In the immediate aftermath, you may feel as though you are swimming against a relentless tide of guilt searching desperately for answers, during which you examine every aspect of yourself to see how or why it could have happened. You may spend an equally lengthy amount of time asking yourself why you never saw it coming. How could they behave so normally when in reality, they must have been planning to exit the relationship?
The simple truth is, you may never get to the bottom of it. In time, your ex might furnish you with a list of reasons, but they may be loosely veiled excuses hiding a completely ulterior motive.
If you have been left drowning in confusion, try to concentrate your focus on what you do know, your mental health and well being are paramount now and it’s not the time to let paranoia creep in to fill you with guilt for a scroll full of self-doubt that is probably entirely unfounded.
Life is complicated enough at the best of times. Don’t be afraid to seek the help of a doctor or counsellor to help you pull your threads back together, put one foot in front of the other and move gently forward.
I spoke to a dear chum today who is sadly very ill. She isn’t going to get better, in fact, over the next few years she is likely to get much worse.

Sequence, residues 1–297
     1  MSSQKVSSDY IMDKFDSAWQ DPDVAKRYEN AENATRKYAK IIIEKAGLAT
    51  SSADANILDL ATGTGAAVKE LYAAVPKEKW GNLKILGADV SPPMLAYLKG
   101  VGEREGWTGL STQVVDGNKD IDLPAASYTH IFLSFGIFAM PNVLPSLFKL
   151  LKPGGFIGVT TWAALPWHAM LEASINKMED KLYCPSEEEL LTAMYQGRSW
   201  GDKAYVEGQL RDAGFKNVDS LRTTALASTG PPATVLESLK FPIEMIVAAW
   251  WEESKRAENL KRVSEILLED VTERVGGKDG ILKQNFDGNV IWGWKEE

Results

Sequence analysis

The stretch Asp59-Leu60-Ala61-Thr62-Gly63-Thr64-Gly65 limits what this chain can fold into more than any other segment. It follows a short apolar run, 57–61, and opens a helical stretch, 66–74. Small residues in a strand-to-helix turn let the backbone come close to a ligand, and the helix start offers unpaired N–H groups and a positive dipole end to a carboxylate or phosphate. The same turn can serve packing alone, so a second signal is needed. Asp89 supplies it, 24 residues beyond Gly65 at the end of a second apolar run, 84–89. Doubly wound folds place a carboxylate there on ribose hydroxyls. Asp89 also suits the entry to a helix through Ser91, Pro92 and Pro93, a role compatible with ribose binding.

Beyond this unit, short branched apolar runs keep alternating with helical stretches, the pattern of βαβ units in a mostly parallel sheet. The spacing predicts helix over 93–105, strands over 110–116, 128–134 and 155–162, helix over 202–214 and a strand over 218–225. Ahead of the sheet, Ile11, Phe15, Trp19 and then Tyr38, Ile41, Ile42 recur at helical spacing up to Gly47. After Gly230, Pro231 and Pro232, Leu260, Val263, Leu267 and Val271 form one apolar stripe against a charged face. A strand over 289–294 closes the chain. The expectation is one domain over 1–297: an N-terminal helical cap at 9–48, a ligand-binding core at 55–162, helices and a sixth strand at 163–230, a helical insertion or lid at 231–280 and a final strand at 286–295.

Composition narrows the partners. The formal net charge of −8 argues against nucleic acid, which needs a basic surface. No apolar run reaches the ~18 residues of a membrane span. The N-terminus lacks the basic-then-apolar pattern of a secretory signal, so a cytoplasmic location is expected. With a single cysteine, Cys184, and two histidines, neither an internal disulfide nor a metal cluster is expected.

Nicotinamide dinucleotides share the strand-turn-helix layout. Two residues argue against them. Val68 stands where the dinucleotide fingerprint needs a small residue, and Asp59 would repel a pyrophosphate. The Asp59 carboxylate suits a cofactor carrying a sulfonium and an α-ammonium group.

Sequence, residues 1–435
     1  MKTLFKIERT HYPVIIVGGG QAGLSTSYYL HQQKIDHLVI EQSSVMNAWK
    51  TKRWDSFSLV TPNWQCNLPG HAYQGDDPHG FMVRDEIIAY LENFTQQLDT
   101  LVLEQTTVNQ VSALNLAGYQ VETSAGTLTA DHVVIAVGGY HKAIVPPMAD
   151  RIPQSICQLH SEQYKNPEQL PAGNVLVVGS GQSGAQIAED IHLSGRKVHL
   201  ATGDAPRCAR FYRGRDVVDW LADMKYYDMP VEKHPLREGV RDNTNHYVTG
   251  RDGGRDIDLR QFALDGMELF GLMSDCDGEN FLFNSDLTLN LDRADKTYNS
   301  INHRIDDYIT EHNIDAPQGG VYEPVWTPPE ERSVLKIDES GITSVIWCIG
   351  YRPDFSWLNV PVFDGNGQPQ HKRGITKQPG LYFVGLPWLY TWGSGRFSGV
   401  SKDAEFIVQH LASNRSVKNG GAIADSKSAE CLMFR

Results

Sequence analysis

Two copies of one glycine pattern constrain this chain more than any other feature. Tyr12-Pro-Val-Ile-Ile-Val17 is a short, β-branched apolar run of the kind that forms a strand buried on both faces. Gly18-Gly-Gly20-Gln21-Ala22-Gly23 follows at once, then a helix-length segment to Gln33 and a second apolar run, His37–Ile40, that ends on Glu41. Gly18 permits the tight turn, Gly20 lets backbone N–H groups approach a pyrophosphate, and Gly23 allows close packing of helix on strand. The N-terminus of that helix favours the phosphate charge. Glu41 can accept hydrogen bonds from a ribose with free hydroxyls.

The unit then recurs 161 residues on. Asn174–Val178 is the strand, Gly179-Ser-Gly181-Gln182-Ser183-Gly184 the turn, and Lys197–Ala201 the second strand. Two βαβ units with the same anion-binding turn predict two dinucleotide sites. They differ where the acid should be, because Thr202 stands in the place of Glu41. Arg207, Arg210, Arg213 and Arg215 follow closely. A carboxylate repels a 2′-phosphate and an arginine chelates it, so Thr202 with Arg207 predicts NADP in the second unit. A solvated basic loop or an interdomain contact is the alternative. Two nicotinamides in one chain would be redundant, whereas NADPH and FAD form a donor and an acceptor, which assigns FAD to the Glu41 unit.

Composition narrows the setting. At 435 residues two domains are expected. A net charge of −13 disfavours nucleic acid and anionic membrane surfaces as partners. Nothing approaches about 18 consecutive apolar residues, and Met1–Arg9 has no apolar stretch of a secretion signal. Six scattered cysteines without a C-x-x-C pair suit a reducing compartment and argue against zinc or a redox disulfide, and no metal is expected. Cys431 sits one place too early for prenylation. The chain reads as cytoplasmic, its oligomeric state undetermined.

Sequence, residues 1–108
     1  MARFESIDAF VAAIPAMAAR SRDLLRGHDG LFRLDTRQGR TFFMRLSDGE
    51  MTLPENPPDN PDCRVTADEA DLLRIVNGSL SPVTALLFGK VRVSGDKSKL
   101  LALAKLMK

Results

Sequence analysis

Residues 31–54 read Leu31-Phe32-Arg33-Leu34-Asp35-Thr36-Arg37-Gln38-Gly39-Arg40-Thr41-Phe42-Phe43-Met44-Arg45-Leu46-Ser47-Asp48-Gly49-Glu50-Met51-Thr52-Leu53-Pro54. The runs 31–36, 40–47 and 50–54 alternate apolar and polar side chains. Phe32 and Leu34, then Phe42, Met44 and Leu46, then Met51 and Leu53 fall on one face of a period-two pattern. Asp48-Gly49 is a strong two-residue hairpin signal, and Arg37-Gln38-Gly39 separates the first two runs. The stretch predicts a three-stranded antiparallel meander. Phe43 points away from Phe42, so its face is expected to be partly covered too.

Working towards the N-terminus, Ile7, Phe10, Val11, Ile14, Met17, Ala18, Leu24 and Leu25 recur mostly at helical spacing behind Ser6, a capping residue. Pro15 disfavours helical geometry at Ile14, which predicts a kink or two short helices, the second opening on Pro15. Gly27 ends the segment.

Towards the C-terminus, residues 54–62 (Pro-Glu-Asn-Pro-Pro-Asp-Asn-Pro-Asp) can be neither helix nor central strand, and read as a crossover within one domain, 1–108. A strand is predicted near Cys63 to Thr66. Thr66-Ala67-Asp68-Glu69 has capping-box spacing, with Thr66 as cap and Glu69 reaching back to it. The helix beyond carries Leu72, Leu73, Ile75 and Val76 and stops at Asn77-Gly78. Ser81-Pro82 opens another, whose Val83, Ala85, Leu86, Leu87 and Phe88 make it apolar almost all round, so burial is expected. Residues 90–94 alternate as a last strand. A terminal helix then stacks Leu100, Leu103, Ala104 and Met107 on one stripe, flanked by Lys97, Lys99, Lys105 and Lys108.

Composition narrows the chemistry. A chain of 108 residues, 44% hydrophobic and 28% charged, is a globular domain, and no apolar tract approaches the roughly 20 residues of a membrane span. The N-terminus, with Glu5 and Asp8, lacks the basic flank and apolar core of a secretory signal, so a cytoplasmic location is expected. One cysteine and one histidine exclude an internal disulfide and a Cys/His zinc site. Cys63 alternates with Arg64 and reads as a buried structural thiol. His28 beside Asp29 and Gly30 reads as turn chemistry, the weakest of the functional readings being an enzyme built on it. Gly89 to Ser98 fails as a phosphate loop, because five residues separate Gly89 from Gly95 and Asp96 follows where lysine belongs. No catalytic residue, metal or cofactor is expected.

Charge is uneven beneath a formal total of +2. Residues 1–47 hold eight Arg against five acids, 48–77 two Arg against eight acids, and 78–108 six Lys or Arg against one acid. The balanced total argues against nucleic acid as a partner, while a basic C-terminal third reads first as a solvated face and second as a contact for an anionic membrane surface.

She said, ‘I’ve got to the stage where I’m fed up with people telling me to take things easy, not do too much, not push my limits and particularly, not to let myself get upset about things. Yes my life is a struggle, but I’ve decided to indulge in the happy for as long as my body and mind will let me. When I crash and burn, so be it. With a little rest, I get back on my feet again and am ready for my next mad adventure, which I embrace with open arms until I fall once more’.
If you turn apply that analogy to recovering from/during a divorce, it makes sense too. If you feel like partying until you can cope with nothing more, do it! Have a glass more than you should, eat late, stay up watching all the rubbish on the TV until your eyes are streaky and then crash and recover. You will. The sun will come up again and you can live with a bit of regret for being naughty, but if you live life and never nibble at the naughty, you’ll never know how sweet it is to recover from the occasional hangover of life.
Breathe, live, push the button and don’t die wondering…
Trust me when I say, the hoo haa of divorce can get you down before it has started, throughout the real heated stuff in the middle and long after that Decree Absolute has landed on your doormat; oh man, those ex’s can have a lasting sting!
If your day is getting you down, take heed from a tip designed to soothe your senses and calm your heart rate, the natural way.
Seek out a herb garden at a nearby park, a National Trust property or a show garden near you if you are lucky enough to find one and simply sit in the middle of it and enjoy it on every level.
The evocative scent of rosemary and lavender is sure to have a positive effect on you, especially if you run your fingers over the feathery foliage and indulge the oils.
Sage is another wonder, as is mint in all it’s glorious varieties.
If you enjoy what you smell, feel and see, try to create a chill-out sensory zone in your garden or even on the porch if you don’t have any outside space. You only need a few herbs like the ones listed above to get started and you’ll be surprised how powerful the little plants can be.